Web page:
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Local and global macroeconomic outlook for March 2024

ThinkMarkets ThinkMarkets 14/03/2024
Local and global macroeconomic outlook for March 2024 Local and global macroeconomic outlook for March 2024
Local and global macroeconomic outlook for March 2024 ThinkMarkets

Market Sentiment

“On a long enough time horizon, the survival rate for everyone drops to zero”-Chuck Palahniuk, Fight Club 1996

The S&P 500 (SPX500) keeps on hitting new highs, shrugging off weak or indifferent US economic data. 



The price of Bitcoin continues to surge since the start of the year. there appears to be no end in sight for this bullish run.



Gold has also been moving upwards recently but came back off its highs in response to the recent US CPI reading. Gold prices eased to $2 150/oz, down from highs of $2 190/oz. The move followed a bounce in US Treasury yields after the US CPI report, which showed another sticky inflation reading.

The reading is likely to add pressure to the US Federal Reserve (The Fed) to offer a more hawkish tone than seen at Fed chairman Jerome Powell’s hearing earlier this month and the dovish focus of the December meeting.

Local Macro

SA GDP growth slowed to just 0.6% in calendar 2023 from 1.9% in 2022. Unlike the UK, which appears to have slipped into recession in the final quarter of last year, SA just managed to avoid the same fate. Fourth quarter GDP growth in SA was 0.1% compared with the previous quarter, which shrank by 0.2%.



Although positive, this is still anaemic growth and is nowhere near where SA needs to be, especially if it is ever to make any meaningful inroads into its pernicious unemployment situation. Relative to the other members of the enlarged BRICs grouping, SA is one of the smallest economies, ranking alongside Egypt and Iran.

Global Macro

US inflation slightly exceeded expectations in February, although it remains well-contained, albeit still above the desired 2%. The Consumer Price Index for All Urban Consumers (CPI-U) increased 0.4 percent in February on a seasonally adjusted basis, after rising 0.3 percent in January.



Over the last 12 months, the All Items index increased by 3.2 percent before seasonal adjustment.

According to the Federal Reserve Bank of New York, US household debt reached $17.5 trillion in the fourth quarter of 2023 and delinquency rates rose. Total household debt rose by $212 billion to reach $17.5 trillion in the fourth quarter of 2023, according to the latest Quarterly Report on Household Debt and Credit.

Credit card balances increased by $50 billion to $1.13 trillion over the quarter, while mortgage balances rose by $112 billion to $12.25 trillion. Auto loan balances rose by $12 billion to $1.61 trillion, continuing an upward trajectory seen since 2011. Delinquency transition rates increased for all debt types except for student loans.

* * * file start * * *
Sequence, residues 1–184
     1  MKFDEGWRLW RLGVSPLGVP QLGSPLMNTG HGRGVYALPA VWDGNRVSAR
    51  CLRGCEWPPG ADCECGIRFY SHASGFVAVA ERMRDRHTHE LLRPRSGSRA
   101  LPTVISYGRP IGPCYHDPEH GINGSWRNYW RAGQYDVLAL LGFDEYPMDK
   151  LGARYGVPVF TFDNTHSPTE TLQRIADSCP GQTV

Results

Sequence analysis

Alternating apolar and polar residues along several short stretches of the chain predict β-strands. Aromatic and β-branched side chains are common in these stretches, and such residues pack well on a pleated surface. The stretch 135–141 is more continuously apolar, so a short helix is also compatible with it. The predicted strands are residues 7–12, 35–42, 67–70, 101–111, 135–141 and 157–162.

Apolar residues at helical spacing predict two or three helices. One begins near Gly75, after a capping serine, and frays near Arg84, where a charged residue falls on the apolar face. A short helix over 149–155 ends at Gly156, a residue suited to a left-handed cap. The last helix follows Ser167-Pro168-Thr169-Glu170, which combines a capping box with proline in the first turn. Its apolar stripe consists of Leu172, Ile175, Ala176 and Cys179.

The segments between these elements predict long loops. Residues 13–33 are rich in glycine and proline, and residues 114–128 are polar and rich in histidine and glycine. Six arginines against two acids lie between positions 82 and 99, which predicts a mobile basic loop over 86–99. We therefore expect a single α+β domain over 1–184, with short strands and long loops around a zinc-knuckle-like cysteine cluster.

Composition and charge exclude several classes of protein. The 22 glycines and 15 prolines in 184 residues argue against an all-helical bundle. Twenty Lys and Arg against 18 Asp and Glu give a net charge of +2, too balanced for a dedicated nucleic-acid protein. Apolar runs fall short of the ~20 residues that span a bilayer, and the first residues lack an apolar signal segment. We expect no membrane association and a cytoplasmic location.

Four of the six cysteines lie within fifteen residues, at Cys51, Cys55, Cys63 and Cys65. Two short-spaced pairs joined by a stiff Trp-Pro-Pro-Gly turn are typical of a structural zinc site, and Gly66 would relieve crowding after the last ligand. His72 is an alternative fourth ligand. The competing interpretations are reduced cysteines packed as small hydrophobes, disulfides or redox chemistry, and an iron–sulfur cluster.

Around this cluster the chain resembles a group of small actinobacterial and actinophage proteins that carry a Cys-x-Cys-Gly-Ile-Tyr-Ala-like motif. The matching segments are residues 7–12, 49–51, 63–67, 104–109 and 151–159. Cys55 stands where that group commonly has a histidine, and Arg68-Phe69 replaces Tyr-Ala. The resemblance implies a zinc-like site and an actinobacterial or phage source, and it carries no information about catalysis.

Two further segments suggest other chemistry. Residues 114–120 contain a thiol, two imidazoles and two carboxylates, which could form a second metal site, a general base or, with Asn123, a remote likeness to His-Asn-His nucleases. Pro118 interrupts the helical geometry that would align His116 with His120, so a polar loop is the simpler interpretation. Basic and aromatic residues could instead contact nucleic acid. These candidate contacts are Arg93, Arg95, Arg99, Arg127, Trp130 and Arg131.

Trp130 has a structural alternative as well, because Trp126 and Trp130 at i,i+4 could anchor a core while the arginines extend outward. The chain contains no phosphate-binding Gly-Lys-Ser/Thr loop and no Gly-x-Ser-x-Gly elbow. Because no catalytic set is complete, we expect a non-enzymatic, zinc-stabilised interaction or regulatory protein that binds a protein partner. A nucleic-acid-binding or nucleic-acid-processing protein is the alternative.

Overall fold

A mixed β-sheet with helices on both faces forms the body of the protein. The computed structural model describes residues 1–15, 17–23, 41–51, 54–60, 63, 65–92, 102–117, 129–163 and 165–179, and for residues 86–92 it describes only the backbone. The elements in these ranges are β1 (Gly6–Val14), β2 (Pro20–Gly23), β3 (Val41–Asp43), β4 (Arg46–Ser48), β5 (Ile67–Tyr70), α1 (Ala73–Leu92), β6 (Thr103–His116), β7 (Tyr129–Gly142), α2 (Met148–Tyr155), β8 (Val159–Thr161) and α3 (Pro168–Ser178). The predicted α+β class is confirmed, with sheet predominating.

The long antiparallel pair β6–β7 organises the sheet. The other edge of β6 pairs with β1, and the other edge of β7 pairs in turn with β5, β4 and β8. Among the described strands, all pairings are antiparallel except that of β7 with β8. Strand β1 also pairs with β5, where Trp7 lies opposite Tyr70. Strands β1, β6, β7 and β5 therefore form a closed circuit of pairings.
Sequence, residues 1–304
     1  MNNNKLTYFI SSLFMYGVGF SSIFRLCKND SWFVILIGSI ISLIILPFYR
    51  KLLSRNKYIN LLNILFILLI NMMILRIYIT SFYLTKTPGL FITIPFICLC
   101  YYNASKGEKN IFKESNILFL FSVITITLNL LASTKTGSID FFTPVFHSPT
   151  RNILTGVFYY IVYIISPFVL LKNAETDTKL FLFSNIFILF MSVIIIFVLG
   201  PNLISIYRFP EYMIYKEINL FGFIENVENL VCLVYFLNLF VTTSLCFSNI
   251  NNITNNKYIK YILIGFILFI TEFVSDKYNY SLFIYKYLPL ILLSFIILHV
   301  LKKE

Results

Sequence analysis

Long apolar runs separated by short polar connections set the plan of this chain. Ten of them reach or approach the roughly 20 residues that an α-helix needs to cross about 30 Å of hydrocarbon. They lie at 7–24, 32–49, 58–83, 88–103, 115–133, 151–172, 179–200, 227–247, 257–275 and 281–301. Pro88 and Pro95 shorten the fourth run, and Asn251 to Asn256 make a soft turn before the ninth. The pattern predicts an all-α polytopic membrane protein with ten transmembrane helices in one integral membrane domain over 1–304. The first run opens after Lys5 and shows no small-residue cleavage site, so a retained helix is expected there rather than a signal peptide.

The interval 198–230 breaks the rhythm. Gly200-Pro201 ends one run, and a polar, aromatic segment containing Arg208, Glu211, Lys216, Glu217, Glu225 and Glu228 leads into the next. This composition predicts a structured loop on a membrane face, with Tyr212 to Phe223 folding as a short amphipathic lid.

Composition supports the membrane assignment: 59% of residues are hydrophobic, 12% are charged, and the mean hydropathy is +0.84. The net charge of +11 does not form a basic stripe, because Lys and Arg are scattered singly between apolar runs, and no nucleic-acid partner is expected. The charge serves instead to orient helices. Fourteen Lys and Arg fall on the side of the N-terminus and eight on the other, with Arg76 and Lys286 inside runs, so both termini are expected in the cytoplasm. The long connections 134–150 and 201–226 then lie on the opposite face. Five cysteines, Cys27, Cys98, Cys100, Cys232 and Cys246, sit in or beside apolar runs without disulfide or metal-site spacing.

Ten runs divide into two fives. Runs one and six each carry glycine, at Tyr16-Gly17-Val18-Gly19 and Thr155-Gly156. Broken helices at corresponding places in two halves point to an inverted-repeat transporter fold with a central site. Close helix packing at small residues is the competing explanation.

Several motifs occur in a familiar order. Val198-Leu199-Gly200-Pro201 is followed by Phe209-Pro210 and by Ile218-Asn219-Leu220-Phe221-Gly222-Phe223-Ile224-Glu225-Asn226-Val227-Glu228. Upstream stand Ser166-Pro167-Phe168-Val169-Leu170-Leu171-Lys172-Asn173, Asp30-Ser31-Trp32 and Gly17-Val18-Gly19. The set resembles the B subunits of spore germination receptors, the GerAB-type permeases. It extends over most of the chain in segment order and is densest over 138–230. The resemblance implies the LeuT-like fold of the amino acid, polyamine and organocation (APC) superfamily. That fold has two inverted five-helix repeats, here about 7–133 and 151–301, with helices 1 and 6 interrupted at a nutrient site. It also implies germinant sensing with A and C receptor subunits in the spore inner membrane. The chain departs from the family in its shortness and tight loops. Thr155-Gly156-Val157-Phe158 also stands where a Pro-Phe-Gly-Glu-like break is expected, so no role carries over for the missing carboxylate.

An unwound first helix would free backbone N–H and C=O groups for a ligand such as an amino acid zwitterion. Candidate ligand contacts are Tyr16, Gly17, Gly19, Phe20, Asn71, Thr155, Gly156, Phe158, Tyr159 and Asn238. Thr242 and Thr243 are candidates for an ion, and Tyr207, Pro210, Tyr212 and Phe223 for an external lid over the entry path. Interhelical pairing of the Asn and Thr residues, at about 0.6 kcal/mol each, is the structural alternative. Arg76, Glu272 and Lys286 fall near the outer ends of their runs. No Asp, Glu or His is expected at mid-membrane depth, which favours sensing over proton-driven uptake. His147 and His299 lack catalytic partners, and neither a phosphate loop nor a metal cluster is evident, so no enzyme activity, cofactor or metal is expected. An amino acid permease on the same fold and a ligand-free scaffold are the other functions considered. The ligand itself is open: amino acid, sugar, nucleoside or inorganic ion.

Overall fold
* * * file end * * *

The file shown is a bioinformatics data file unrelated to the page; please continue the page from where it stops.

This is a potentially worrying statistic for the US Federal Reserve (The Fed), as it contemplates its next move with respect to interest rates in America. The US consumer has always appeared highly resilient, but with credit card debt rising so rapidly, accompanied by an uptick in delinquencies, the US consumer may be feeling stress.

Additionally, the US personal savings rate is at an historical low of 3.8% of GDP, a far cry from the heady days of 2020/21 during the Covid pandemic, when savings rates soared to record levels. So, US consumers appear to have not only exhausted their savings but are now increasingly using their credit cards to make ends meet.



In the UK, January’s GDP number was released on 13 March and indicated a turnaround from the technical recession that occurred in the last two quarters of 2023. According to the Office for National Statistics (ONS), UK GDP rose by 0.2% quarter on quarter in January. If this trend carries through until February, this will likely result in 2023’s technical recession being one of the shortest in Britain’s history.



In the 2024 UK Spring Budget, the British Chancellor of the Exchequer set out the government’s plans for taxing, borrowing and spending. Easing the tax burden was central to the decision-making, but with the UK in recession, it was a difficult task.

Income tax 

With the cost-of-living crisis continuing to be top of mind, the possibility of tax cuts was subject to intense speculation in the media. However, the current macroeconomic environment leaves limited room to manoeuvre. In the end, the government opted for a less costly 2 pence cut in National Insurance rates, which should save the average employee around £450 per year. This is in addition to an identical cut announced in the Autumn Statement (which took effect in January).

The move was designed to boost the numbers of people in work and simplify the “double taxation” on income (i.e. National Insurance and income tax), with the Chancellor pledging further National Insurance cuts in the future. However, personal tax thresholds remained frozen, resulting in a higher tax take overall thanks to the effects of fiscal drag.

Real estate 

The main surprise was a cut in capital gains tax on residential property, from 28% to 24%. The rationale is that a lower tax rate should drive more property transactions.